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  • The real voyage of discovery consists not in seeking new lands but seeing with new eyes. Marcel Proust
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Visit Greystone Mansion

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Greystone Mansion, and the surrounding grounds with which it shares its magnificent beauty, are rich in California history. Edward Laurence Doheny, who bought the land in the 1910s, was born in 1856 in the small Midwestern town of Fond du Lac, Wisconsin. By the time he was a young teen, Doheny’s adventuresome spirit and love of the wilderness led him to prospecting for gold and soon thereafter, oil. In 1892, Doheny and his friend Charles A. Canfield, were the first to strike oil in Los Angeles.

They later discovered large oil deposits in Mexico which, combined with their Los Angeles holdings, made them the largest producers of oil in the world at that time. Edward Doheny and his wife Carrie Louella Wilkins had two children. Their first, a daughter Eileen, passed away when she was just seven years old. On November 6, 1893, their only son, Edward “Ned” Laurence Doheny, Jr., was born and grew up as heir to one of the world’s great financial empires. Ned went on to marry Lucy Smith of Pasadena and in 1926 Edward Laurence Doheny Sr. gave his son a premium parcel of land consisting of 12.58 acres with sweeping citywide views.

Construction of the palatial manor home began February 15, 1927 and although Ned, his wife Lucy, and their five children moved into the residence in September 1928, the estate took three years to complete at a cost of over $3 million, an almost unimaginable sum in real estate at the time. The original cost to construct Greystone’s entire estate was $3,166,578.12, the mansion alone cost $1,238,378.76. The extraordinary result became known as Greystone for its abundant use of stone construction and its rather somber gray appearance. In addition to the mansion, originally located on the grounds were stables and kennels, tennis courts, a fire station, gatehouse, swimming pool and pavilion, a greenhouse, a lake, babbling brooks and cascading waterfalls.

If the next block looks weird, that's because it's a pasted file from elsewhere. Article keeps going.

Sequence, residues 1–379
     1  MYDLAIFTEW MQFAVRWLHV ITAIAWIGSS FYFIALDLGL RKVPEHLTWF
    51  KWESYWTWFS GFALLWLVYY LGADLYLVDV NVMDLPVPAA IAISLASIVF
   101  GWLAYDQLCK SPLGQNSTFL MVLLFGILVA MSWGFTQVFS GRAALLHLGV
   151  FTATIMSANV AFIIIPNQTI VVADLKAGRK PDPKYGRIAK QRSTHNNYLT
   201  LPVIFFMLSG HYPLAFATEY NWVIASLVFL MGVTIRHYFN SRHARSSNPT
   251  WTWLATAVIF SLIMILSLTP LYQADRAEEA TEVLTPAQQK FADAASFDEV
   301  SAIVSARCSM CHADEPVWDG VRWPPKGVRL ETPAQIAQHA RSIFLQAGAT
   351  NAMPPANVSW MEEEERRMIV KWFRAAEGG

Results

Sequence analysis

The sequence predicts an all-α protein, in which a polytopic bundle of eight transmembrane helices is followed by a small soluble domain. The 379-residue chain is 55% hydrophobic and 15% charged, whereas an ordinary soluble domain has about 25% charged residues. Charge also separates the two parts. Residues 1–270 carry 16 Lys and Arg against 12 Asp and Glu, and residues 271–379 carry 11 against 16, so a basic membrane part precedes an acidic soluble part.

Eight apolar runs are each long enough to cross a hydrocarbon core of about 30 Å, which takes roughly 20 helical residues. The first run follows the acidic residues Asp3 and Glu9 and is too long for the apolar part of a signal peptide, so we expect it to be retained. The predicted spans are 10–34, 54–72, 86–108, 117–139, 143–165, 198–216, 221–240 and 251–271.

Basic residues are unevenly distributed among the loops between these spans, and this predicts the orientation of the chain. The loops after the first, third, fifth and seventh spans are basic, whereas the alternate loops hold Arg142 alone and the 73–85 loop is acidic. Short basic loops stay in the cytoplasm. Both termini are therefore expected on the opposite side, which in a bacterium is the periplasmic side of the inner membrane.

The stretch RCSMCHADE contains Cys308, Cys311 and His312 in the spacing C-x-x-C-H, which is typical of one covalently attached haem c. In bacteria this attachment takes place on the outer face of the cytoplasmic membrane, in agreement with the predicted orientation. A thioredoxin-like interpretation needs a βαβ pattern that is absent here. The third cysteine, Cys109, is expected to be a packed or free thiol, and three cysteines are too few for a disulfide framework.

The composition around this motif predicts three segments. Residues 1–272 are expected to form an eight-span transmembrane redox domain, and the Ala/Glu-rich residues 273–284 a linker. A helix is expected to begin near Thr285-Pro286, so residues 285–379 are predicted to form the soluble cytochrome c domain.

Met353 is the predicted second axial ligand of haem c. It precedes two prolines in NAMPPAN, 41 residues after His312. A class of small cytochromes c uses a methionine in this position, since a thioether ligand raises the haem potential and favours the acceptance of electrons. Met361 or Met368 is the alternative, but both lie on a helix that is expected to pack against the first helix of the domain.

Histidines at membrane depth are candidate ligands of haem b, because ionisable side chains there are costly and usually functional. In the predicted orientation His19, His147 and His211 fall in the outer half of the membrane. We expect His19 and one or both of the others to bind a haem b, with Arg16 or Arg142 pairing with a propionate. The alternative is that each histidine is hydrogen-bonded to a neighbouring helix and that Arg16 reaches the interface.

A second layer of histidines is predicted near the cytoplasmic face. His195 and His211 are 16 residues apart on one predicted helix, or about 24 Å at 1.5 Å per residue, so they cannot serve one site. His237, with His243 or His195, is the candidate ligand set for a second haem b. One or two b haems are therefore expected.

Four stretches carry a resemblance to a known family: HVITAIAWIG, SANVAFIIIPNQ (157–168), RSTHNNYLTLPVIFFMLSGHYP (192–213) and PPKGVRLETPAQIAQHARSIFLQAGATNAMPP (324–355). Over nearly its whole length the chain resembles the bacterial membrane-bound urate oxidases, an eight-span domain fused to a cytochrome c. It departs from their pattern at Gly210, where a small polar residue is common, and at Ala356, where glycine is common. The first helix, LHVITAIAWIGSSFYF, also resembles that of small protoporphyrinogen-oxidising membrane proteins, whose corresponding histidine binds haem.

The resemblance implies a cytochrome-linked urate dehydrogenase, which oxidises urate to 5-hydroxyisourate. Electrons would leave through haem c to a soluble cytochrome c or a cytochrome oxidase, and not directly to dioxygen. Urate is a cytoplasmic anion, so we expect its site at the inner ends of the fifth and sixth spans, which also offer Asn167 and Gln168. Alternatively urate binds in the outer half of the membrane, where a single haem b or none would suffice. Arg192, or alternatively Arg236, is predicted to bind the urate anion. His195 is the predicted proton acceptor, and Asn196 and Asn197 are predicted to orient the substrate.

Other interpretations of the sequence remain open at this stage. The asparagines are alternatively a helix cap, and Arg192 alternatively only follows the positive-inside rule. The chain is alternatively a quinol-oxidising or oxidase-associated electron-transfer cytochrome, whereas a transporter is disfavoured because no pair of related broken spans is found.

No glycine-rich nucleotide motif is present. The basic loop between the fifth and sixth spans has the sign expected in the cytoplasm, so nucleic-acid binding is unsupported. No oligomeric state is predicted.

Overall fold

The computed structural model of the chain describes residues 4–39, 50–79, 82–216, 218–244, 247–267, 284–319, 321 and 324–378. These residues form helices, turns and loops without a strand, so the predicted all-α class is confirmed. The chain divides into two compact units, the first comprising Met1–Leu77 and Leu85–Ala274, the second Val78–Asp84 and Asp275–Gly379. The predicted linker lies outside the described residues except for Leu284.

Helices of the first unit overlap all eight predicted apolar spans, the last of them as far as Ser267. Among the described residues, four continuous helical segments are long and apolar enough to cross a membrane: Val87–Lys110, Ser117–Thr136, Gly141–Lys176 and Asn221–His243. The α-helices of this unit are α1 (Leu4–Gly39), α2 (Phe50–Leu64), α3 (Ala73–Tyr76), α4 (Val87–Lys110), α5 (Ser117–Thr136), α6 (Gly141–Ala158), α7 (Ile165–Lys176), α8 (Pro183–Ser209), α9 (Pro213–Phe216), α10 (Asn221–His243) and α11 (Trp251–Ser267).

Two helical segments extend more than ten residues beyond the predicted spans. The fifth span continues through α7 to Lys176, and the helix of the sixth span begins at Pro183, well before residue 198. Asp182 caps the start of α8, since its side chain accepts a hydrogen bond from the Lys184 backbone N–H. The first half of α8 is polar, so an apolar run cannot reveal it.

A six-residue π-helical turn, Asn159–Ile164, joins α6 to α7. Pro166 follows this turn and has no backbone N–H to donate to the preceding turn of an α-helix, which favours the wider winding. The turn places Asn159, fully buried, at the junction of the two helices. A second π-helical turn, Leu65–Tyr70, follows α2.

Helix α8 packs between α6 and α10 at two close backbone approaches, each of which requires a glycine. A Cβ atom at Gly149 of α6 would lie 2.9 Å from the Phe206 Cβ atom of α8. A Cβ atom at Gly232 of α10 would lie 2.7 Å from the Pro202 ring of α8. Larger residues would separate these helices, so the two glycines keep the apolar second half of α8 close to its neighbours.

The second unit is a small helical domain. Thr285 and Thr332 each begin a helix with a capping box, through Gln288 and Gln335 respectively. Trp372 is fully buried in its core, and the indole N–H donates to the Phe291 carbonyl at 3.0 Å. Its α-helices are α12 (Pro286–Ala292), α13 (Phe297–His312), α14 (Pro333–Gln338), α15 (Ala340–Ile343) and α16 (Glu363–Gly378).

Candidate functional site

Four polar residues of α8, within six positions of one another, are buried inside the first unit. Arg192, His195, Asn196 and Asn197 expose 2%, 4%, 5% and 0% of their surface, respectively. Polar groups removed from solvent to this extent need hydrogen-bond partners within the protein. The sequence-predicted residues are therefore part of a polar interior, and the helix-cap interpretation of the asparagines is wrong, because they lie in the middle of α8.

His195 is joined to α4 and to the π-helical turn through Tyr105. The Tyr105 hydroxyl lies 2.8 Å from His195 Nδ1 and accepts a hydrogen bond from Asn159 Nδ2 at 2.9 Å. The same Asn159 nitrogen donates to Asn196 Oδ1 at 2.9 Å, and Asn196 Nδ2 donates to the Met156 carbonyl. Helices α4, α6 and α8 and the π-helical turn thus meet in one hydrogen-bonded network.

On the night of February 16, 1929, only five months after the family had moved in, Ned Doheny was found shot to death inside the home, at the age of 35 and the victim of an apparent murder-suicide perpetrated by his longtime personal friend and aid Hugh Plunkett. Lucy continued living at Greystone until 1955, after which she and her second husband Leigh M. Battson sold the majority of the original land to the Paul Trousdale Corporation, developers of Beverly Hills’ prestigious “Trousdale Estate” homes. The following year Lucy and her husband sold for approximately $1.5 million the remaining 18.3 acre parcel, including Greystone Mansion, to Henry Crown of Chicago-based Park Grey Corporation. Mr. Crown, however, never formally occupied the site but instead leased it out as a popular filming location, a legacy Greystone still maintains today.

The City of Beverly Hills purchased the property from Mr. Crown in 1965 for approximately $1.3 million with plans to install a 19-million gallon water tank on the property as its hilltop site provided tremendous natural water pressure. This site continues to serve as the City of Beverly Hills’ largest reservoir. On September 16, 1971, the entire 18.3 acre site, including its centerpiece Greystone Mansion, was formally dedicated as a public park by the City of Beverly Hills. Five years later, on April 23, 1976, Greystone was listed in the National Register of Historic Places. In 2014 Greystone was designated Beverly Hills Local Historic Landmark No. 4.

The nonprofit, volunteer-based group Friends of Greystone is currently in the process of raising funds in order to establish a permanent historical display inside Greystone Mansion.